We walked into the exhibition space first and looked briefly at the artwork, but also at the architecture of the ex-cathedral, which was pretty tall and impressive. It looked like the entire building had been made of concrete, and although there was plenty of stained glass it was all in small pieces in small holes in the concrete walls. After looking around the ground floor, we went to climb the tower, for which the man at the door charged us 20 dirhams each. Another couple had gone up just ahead of us, and we heard them making bird noises as they climbed the heavy concrete and brick steps. The tower was full of bird guano, and fluttering pigeons as we disturbed their rest. The smell as we entered was quite piercing, but we soon got used to it as we climbed about ten floors up to the top of the tower. There was a door out to the roof of the cathedral at one level, and we could have walked all over the roof, but we didn’t because it curved to a downward slope and then a long drop to the ground below. A little higher was a door to the walkway joining the two towers, and we spent some time here taking photos. The other couple were here as we arrived, and we got them to take a photo of us. They went up to the tower top and came down just as we went up. The view from the top was well worth the effort, with a 360° panorama of Casablanca below us, including the taller tower of the Mosque to the north.
View over Casablanca from the roof of the cathedral.
The weather had clouded over a bit with some grey cumulus blotting out the sun. It looked as though there might be rain later, but now the clouds have cleared and the day is hot and clear again like yesterday afternoon. After leaving the cathedral we walked back to the old medina to see if we could find the Berber market the man had told us about. We didn’t, but we did find a much more bustling section of the medina, with lots of food for sale including fruits, bread, fish, meat, spices, grains, and so on. This was much more interesting than yesterday. It was crowded and moist and smelly and the ground was a bit unpleasant to walk on, but it was an amazing experience.
Market in the medina, Casablanca.
About 11:00 we hailed a taxi and had the driver take us out to the Morocco Mall, which is on the coast in the far western suburbs of the city. The drive itself was interesting, as we passed a lot of places along the coast and saw plenty of people down on the beach and swimming in the ocean. There was an ice cream stand at the street about every hundred metres along the beach, which stretched for kilometres. Back in the city we drove past a man who was holding up a puppy, apparently trying to sell it to a passing car.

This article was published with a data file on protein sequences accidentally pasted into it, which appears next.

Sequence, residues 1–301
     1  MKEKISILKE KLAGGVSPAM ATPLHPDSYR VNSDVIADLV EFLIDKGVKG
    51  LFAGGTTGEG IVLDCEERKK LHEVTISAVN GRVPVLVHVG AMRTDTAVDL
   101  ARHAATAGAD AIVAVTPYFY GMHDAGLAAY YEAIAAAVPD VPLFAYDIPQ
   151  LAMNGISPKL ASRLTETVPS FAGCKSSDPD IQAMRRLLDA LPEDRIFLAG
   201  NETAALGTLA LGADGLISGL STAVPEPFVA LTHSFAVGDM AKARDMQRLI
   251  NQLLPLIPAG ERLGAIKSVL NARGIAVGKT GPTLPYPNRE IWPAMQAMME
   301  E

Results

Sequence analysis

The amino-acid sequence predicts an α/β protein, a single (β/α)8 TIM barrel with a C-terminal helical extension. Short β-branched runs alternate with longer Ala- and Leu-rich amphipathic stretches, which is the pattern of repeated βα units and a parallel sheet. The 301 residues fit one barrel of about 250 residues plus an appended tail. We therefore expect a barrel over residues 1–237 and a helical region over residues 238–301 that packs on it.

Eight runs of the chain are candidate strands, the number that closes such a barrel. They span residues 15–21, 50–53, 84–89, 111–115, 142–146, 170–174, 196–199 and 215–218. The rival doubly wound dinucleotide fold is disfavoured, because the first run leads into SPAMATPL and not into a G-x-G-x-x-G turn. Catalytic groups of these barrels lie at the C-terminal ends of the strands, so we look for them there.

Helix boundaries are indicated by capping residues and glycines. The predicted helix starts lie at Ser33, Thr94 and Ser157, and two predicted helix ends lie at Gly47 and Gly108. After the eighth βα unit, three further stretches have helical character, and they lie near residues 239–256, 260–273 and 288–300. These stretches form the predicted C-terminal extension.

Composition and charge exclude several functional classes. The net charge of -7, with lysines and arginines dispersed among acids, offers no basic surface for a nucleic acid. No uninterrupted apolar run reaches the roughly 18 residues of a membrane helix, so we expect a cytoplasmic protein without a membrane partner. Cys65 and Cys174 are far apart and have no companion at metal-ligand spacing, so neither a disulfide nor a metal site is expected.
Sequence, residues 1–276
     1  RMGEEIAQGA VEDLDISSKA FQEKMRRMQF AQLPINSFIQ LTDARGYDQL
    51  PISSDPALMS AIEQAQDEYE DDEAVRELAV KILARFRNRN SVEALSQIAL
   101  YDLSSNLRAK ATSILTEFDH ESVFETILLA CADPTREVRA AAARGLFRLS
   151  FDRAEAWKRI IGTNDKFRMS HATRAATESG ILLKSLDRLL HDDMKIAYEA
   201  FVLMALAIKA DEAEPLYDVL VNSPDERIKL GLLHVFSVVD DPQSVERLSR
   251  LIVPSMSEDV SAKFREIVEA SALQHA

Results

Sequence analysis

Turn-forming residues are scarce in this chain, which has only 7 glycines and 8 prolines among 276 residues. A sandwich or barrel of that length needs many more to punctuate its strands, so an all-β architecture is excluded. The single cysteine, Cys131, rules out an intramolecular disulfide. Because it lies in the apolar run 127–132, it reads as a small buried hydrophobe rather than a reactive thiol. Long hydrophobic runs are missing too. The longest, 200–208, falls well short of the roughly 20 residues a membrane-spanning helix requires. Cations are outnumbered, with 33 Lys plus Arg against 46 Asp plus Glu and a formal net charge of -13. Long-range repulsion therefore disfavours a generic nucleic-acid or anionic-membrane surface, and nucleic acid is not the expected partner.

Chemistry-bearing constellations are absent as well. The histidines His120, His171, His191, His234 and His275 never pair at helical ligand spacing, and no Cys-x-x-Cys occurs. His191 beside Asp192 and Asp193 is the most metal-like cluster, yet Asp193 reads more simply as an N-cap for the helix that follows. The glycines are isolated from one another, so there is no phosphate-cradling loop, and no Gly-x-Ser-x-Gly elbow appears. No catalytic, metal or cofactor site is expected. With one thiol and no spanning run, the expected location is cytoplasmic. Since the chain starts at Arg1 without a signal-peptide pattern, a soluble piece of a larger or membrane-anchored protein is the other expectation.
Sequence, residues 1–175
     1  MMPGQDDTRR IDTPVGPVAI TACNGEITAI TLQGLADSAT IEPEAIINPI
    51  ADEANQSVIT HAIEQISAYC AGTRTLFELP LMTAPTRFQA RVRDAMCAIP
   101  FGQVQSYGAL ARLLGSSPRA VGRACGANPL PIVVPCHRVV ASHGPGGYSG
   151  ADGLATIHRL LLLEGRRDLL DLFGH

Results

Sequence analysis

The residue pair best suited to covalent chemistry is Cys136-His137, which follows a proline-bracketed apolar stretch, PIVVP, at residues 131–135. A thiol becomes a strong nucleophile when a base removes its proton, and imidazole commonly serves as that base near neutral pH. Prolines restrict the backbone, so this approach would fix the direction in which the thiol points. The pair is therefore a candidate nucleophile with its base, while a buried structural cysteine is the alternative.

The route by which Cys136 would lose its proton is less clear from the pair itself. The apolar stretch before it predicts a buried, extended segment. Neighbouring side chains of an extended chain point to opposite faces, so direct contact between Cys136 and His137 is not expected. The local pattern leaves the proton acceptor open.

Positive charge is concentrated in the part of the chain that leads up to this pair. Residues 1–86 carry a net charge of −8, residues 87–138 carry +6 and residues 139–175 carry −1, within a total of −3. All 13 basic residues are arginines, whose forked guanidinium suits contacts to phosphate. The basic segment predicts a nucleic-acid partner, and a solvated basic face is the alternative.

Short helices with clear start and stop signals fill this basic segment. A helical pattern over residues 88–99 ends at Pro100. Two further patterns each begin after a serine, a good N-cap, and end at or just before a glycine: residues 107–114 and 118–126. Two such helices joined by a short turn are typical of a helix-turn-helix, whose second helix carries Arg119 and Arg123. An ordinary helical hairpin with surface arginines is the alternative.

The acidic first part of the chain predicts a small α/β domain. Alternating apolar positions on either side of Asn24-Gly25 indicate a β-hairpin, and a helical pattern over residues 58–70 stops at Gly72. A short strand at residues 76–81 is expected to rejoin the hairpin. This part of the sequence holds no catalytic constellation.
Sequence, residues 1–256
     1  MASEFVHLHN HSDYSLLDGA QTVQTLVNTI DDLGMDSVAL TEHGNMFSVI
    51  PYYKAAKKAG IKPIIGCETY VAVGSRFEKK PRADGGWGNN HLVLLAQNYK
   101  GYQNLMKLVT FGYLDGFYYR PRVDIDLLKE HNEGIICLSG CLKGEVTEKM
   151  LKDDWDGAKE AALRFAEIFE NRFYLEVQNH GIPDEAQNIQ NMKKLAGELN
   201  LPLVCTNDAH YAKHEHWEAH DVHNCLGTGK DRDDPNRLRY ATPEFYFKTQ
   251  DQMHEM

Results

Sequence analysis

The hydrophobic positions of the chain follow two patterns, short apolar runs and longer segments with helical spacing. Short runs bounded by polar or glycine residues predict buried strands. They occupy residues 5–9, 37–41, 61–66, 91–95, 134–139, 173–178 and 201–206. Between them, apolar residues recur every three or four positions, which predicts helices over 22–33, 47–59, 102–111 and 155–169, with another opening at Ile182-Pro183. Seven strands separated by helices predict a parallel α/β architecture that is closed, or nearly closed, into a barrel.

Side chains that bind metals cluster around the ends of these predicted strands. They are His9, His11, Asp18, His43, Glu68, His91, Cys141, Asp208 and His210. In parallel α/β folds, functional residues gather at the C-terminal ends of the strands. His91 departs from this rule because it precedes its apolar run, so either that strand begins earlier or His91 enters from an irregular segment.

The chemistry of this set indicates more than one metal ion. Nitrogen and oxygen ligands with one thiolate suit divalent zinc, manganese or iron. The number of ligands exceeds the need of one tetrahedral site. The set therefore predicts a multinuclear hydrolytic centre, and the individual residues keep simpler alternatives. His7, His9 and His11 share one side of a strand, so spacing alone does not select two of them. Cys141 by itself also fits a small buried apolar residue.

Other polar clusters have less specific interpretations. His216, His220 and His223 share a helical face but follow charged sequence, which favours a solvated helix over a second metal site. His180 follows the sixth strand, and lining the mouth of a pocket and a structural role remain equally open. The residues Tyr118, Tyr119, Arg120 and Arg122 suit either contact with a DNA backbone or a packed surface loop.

Eventually the driver dropped us at the mall and we entered the the blissful shade and air conditioning. The sun was hot and it was good to get inside. We wandered around slowly until we felt like lunch, then checked the food court area on the third level. There was a lot to choose from, but even though it was after midday many of the stalls were closed or just preparing food to get ready for selling. We looked at a few places, including this Caffe Vergnano, but it turned out to be mostly drinks and a few cakes, not lunch food. Instead we found an Italian place called La Farfalla, which made freshly prepared pasta and pizza. The woman there spoke to us in French as we perused the menu, and offered us some bruschetta to try. I had a piece and it was very good. We ended up ordering a spaghetti puttanesca for me and penne arabbiata for M., plus a couple of bottles of water, all in French. I apologised for my poor French and said I spoke English, and the lady immediately switched to good English, saying she thought we only spoke French! The pasta would take ten minutes to cook, and we learnt that the chef was from Italy and made everything to order. A man brought the pasta to our table a few minutes later, with a generous amount of grated Reggiano Parmagiana cheese. We tasted the pasta and it was really good, perfectly cooked and very tasty. We thoroughly enjoyed our lunches, and let the woman at the shop know as we left. I was amazed that the chef would open a fast food place in a food court instead of a proper Italian restaurant.
Spaghetti puttanesca from La Farfalla. Morocco Mall, Casablanca.
After resting a few minutes to enjoy the view from our table over the Atlantic Ocean, we moved back to the Caffe Vergnano for M. to get a coffee. I decided to get a hot chocolate, which was the thick Italian style and yummy. And now we’re sitting here relaxing as I type this!